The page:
I think that the basic element of the quote is that the notion of justice has to be experienced and asserted from the most individual point of view. Society cannot look to institutional leadership to fully define what justice is. In the event that individuals occupy power whose ends are not just, the definition of the concept becomes perverted and twisted. It is for this reason that individual moral and ethical conscience becomes the fundamental chamber from which justice operates.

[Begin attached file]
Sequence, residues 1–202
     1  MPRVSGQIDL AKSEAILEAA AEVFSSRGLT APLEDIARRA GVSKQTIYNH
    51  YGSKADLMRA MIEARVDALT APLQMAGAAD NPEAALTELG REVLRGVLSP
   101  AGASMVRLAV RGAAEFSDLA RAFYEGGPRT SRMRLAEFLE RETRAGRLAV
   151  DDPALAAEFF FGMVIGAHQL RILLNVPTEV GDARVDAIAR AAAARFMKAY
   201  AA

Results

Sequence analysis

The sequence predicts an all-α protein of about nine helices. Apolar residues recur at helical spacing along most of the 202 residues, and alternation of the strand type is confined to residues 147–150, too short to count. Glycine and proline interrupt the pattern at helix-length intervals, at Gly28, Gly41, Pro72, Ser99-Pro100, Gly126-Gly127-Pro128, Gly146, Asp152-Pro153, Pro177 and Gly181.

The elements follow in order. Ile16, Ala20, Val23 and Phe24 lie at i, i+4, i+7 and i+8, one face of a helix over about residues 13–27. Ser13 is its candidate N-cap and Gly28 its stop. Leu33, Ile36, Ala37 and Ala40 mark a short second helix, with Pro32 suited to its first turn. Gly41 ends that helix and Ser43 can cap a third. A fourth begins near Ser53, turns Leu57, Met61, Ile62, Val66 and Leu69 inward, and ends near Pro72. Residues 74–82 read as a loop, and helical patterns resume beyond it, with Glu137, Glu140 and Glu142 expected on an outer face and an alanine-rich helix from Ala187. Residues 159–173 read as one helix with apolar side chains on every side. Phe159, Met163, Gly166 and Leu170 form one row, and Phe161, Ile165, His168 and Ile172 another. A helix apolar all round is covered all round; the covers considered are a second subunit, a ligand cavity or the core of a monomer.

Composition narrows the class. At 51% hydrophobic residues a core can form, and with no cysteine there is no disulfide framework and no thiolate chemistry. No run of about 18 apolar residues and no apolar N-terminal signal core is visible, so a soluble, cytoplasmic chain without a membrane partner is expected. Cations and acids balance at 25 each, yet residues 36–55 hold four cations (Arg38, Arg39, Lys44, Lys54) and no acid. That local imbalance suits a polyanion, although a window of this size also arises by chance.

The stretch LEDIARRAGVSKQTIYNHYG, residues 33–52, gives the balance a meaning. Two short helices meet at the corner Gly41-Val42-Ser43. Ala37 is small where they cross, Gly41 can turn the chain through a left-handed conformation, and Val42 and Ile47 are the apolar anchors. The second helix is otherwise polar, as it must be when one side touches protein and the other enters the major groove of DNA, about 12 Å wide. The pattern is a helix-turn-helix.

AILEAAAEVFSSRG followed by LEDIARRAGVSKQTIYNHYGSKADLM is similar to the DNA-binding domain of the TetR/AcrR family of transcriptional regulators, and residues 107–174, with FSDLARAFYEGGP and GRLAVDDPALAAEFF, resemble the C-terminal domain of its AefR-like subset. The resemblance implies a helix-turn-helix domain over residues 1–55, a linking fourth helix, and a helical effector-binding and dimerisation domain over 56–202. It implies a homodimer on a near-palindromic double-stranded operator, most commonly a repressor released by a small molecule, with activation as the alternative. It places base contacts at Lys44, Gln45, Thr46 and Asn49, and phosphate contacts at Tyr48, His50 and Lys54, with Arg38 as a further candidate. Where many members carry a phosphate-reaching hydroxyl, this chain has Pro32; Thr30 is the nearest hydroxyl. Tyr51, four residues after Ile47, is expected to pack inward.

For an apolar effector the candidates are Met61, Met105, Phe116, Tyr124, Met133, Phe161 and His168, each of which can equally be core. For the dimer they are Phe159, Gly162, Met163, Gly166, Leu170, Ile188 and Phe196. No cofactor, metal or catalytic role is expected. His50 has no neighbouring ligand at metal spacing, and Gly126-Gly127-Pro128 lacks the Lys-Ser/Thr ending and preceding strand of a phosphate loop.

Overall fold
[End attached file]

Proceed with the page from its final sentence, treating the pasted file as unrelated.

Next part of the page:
Miller certainly would support this with characters like Proctor and Corey. Giles Corey recognizes that the established political order of Salem in the form of Danforth and Hathorne wants him to "name names." Yet, he understands that the implications of such an action is to not further but rather deter the ends of justice. It is for this reason that his conscience becomes the basic chamber of justice in that he represents how justice becomes rooted in the individual, perhaps even before it is rooted in social or political orders. Proctor is much the same way. In his closing speech, he acts to save his name, something that becomes associated with "justice" and the idea of serving the ends of fairness. In refusing to give lies and "subscribe" to them, his conscience is the realm in which justice becomes the foundational chamber for all advancement. It is here where I think that the quote becomes very meaningful and relevant in that individual action is the domain and the citadel where justice arises.